Helen Murphy (Constance Bennett) runs an agency that fixes all sorts of
things for everybody, from business to private problems, from state
affairs to family matters - all for a (high) price of course, a price her
mainly male clients are very willing to pay. But while her business is a
big success, personally Helen has long grown sick of men who need nothing
more than a substitute mother to take care of everything for them, she
wants a strong man who can stand on his own two feet ... so it's no wonder
she falls in love with inventor Robert (Vincent Price), a strong-willed
man who is taking fate into his own hands. Robert falls in love with Helen
as well, mistaking her for a homebody (a quality he adores in women), and
as long as she doesn't tell him what she does for a living (and she
doesn't have to), everything should be perfect, right?
Robert has only come to town to sell his invention, a revolutionary
tractor design - but nobody wants to buy. Convinced his design is a
failure, Robert has already decided to move back to where he came from,
when Helen decides to help him a bit through her agency connections,
hooking him up with Robinson (Charles Ruggles), a tractor entrepreneur.
Now everything's perfect, right?
Wrong again, because Robinson has a
daughter, Audrey (Joy Hodges), who takes a liking in the young and
handsome inventor, and before you know it, the two are engaged, rather by
accident. When Helen learns about this, she immediately confronts Robert,
but then lets it slip that she is the head of her problem-solving agency,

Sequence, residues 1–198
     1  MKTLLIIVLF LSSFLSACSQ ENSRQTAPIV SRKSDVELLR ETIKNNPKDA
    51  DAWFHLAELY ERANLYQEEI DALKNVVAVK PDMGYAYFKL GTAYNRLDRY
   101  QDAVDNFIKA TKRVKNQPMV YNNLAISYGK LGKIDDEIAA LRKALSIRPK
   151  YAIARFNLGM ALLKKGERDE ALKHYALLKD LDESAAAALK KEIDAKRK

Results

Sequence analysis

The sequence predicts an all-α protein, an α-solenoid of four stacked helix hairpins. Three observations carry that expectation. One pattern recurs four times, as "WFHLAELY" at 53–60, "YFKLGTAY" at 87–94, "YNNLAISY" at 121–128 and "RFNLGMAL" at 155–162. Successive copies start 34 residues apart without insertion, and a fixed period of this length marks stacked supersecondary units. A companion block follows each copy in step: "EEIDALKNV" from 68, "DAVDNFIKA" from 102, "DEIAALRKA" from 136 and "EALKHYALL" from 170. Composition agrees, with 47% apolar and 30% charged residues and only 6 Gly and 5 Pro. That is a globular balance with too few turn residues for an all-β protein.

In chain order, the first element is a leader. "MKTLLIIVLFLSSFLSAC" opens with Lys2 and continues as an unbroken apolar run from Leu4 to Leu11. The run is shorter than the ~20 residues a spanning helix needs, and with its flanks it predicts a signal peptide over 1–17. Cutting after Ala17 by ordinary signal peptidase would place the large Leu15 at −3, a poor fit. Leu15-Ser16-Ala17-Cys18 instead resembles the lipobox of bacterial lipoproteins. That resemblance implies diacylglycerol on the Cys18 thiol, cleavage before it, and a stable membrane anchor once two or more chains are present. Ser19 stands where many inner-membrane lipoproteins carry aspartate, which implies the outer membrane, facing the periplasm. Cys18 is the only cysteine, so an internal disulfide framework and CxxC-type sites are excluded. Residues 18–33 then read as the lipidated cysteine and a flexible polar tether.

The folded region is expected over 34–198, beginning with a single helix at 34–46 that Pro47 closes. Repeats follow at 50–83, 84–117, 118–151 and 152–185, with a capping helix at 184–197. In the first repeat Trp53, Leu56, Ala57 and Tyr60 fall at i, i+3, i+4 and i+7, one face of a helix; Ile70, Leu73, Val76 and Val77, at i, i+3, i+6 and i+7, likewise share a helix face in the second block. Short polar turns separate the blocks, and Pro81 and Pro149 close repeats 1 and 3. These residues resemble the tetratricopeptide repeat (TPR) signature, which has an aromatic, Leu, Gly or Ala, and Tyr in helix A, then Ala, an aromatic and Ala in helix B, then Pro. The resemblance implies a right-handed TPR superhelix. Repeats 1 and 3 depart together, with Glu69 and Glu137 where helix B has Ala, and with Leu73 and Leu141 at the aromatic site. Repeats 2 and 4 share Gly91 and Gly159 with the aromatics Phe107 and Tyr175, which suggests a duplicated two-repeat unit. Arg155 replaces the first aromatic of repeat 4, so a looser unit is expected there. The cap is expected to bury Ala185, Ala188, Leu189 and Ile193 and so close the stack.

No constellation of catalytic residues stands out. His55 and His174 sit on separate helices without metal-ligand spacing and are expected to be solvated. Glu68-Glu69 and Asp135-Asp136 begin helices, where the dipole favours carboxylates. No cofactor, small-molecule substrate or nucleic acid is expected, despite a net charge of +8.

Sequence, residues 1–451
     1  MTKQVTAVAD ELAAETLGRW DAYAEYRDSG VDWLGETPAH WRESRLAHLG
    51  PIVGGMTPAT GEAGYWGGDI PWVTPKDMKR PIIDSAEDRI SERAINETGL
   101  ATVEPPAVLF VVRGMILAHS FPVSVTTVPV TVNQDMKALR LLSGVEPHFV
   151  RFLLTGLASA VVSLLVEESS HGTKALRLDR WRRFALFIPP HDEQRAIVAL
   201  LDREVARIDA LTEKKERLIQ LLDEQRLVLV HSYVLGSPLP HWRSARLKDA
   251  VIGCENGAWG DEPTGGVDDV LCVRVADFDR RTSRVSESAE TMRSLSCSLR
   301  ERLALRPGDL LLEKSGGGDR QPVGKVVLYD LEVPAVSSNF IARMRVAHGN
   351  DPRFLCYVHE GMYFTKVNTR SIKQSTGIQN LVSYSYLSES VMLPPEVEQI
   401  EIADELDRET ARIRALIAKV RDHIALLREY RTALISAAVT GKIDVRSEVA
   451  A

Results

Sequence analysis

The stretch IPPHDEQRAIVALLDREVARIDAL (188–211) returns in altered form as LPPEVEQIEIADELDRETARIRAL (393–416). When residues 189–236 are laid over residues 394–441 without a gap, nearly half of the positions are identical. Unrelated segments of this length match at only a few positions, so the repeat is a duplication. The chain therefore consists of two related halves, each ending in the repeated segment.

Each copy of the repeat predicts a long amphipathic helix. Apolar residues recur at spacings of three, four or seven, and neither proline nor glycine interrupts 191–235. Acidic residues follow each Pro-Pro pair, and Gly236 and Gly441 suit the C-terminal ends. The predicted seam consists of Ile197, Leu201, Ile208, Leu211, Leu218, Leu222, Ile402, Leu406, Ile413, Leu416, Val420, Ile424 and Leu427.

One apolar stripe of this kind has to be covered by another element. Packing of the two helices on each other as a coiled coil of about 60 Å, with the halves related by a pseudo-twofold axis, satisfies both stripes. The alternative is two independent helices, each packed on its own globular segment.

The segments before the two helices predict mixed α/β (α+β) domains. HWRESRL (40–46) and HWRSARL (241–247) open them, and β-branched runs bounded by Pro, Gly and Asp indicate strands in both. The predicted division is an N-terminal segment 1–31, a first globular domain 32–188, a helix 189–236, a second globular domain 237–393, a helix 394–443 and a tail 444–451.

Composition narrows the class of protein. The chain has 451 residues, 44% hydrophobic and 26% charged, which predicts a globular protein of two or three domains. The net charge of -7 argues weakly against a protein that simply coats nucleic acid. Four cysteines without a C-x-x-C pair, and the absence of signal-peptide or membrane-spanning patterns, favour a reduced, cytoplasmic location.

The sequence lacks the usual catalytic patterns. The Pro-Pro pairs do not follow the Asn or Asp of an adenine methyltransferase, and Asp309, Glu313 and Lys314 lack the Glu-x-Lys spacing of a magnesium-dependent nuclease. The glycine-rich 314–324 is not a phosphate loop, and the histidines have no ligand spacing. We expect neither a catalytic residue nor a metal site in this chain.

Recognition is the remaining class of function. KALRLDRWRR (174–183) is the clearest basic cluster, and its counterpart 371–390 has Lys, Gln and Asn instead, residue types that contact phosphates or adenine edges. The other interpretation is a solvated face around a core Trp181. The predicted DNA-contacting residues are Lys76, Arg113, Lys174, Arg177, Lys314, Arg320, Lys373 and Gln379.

upon which Robert's feelings for her cool off almost immediately - or so
it seems, because he has long made plans of his own to come out of the
whole mess without anyone losing face, plans that involve Robinson's cook
(Mischa Auer), who is actually a Russian prince, and in the end, Audrey
elopes with the cook/prince just before getting married, and since Robert
refuses to not getting married, he just marries Helen on the spot.
comedy vehicle for Constance Bennett, who handles her role quite well and
really carries the movie - but the movie's script is little more than a
trainwreck: The basic premise is incredibly far-fetched, all characters
apart from Bennett's remain disappointingly flat, some comedy scenes (like
a lengthy kitchen scene with Charles Ruggles and Mischa Auer) are not
integrated into the film at all, and the film's message - that a woman can
only find true happiness as a homebody on the side of a strong man - is
questionable not only from today's point of view.
By the way, Vincent
Price's debut feature, but he only gets the opportunity to shine in one
scene, when he pretends to go insane to scare off his fiancée ...